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Merits of adding Secwépemc to stop signs debated

Stop signs featuring the Secwépemc language can be found around the Thompson Rivers University campus.
January 21, 2015 - 1:27 PM

'THERE'S NO ABILITY TO SAY YES TO THIS'

KAMLOOPS - Provincial legislation says we can’t add another language to stop signs but that did not stop council from spending nearly 20 minutes debating the merits of adding Secwépemc to the signs Tuesday afternoon.

According to the Motor Vehicle Act, the only word permitted on the sign is ‘stop’ and both the federal and provincial standards recommend marking be in English only, using the English alphabet.

The potential confusion to motorists is considered too much of a risk, staff says in a report to council, adding they do not believe an additional language should be added even if it was not contrary to regulations.

Though staff had already obtained a legal opinion that advised against the addition of a second language to city stop signs, Coun. Donovan Cavers still felt the need to debate whether a stop sign is recognizable regardless of the words on it. He, and Coun. Tina Lange, also questioned why the Tk’emlúps te Secwépemc land could have signs with both languages.

Cavers suggested a community forum to further discuss it but only Lange was willing to support him in that idea.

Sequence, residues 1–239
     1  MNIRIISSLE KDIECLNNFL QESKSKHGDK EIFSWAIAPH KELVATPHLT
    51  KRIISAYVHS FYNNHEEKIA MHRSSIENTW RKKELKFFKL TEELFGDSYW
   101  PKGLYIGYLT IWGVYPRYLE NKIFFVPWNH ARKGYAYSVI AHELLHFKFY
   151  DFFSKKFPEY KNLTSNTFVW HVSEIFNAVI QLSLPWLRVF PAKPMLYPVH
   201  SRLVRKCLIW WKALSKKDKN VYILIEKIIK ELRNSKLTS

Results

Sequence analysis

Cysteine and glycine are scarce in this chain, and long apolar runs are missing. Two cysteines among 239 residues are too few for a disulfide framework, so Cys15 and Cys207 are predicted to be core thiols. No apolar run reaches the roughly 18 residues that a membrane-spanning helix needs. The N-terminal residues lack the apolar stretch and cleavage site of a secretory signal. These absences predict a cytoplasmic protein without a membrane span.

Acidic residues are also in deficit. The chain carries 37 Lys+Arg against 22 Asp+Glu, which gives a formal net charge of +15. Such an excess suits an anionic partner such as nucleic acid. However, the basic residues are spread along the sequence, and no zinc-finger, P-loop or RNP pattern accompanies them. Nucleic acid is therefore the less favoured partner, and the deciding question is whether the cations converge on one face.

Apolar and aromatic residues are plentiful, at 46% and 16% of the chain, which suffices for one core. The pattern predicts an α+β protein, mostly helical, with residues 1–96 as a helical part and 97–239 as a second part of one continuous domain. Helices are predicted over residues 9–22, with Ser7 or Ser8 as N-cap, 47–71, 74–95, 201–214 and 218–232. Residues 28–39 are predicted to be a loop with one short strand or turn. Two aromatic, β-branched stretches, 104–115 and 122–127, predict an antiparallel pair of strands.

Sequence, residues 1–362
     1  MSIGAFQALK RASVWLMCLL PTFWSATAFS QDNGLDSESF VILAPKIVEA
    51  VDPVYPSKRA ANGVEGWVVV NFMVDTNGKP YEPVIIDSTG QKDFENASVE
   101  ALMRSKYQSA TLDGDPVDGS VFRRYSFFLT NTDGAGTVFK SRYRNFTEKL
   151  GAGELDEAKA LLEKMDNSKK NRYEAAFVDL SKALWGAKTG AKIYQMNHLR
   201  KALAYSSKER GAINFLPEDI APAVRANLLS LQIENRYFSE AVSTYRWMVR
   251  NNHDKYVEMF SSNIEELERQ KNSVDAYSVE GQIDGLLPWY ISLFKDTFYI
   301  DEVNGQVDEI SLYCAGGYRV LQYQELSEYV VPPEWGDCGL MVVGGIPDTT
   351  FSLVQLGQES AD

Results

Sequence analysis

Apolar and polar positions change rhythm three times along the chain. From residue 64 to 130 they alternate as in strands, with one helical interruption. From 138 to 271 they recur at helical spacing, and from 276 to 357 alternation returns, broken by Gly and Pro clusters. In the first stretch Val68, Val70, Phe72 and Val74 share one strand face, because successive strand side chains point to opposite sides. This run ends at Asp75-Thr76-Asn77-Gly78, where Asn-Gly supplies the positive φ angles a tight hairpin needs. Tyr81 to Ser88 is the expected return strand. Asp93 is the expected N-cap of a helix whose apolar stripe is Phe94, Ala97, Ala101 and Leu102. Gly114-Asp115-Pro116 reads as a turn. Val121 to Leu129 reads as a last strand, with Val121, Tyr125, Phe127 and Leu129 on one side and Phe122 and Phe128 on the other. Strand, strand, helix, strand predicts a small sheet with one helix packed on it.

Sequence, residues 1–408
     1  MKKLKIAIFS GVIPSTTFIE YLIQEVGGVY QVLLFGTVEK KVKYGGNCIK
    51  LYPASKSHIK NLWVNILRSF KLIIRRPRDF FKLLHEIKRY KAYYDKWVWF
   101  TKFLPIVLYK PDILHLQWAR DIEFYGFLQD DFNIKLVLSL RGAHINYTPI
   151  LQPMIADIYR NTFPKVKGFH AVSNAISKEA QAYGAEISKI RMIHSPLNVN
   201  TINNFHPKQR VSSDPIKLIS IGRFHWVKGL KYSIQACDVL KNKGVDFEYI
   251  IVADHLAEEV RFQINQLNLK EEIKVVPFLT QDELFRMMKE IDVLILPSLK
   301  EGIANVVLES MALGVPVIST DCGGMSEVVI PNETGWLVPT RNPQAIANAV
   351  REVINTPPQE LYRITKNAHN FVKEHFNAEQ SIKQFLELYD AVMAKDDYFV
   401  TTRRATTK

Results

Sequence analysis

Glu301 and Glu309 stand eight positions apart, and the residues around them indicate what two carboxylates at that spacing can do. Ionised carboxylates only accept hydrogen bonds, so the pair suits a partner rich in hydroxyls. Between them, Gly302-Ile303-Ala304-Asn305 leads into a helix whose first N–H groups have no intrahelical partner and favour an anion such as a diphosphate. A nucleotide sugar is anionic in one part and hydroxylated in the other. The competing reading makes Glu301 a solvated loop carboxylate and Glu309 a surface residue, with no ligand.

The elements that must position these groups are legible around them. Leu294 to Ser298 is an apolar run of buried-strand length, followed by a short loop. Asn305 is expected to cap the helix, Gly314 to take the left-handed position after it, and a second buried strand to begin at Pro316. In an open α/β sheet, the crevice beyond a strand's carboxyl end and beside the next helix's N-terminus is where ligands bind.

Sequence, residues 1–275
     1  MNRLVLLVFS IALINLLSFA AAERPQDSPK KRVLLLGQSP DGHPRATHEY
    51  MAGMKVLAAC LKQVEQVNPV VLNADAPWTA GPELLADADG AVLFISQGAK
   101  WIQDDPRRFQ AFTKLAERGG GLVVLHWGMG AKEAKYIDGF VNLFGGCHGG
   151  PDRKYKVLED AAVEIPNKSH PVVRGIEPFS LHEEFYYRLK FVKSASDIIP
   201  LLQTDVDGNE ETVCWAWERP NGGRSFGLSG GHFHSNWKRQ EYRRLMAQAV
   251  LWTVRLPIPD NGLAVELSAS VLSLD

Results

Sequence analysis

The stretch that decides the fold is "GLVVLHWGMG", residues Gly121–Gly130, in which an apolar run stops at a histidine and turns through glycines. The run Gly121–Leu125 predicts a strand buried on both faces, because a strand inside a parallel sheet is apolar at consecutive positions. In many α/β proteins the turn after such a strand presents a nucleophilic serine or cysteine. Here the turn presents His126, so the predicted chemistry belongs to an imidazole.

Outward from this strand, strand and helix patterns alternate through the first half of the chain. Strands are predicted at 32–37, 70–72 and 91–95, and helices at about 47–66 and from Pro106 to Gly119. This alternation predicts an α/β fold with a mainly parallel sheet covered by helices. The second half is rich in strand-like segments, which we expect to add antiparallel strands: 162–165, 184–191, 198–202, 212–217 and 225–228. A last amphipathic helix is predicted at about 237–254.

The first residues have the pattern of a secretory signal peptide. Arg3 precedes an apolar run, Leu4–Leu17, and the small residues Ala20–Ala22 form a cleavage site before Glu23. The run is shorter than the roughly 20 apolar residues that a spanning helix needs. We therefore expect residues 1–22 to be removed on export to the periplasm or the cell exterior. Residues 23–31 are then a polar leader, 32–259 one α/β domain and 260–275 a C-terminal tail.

“I’m not hearing a lot of people opposed to the concept, other than the fact it’s against provincial regulations, which we’re governed by,” Mayor Peter Milobar pointed out. “There’s no ability to say yes to this.”

Fellow council members looked rather at other options for recognizing the Secwépemc culture. Milobar will be meeting with Chief Shane Gottfriedson later this week and will take the opportunity to further open up a conversation on other ways to recognize the local First Nations culture.

To contact a reporter for this story, email Jennifer Stahn at jstahn@infonews.ca or call 250-819-3723. To contact an editor, email mjones@infonews.ca or call 250-718-2724.

Coun. Donovan Cavers holds up a picture of a sign at Thompson Rivers University and asks council who wouldn't recognize a red octagonal sign in any language.
Coun. Donovan Cavers holds up a picture of a sign at Thompson Rivers University and asks council who wouldn't recognize a red octagonal sign in any language.
Image Credit: City of Kamloops webcast

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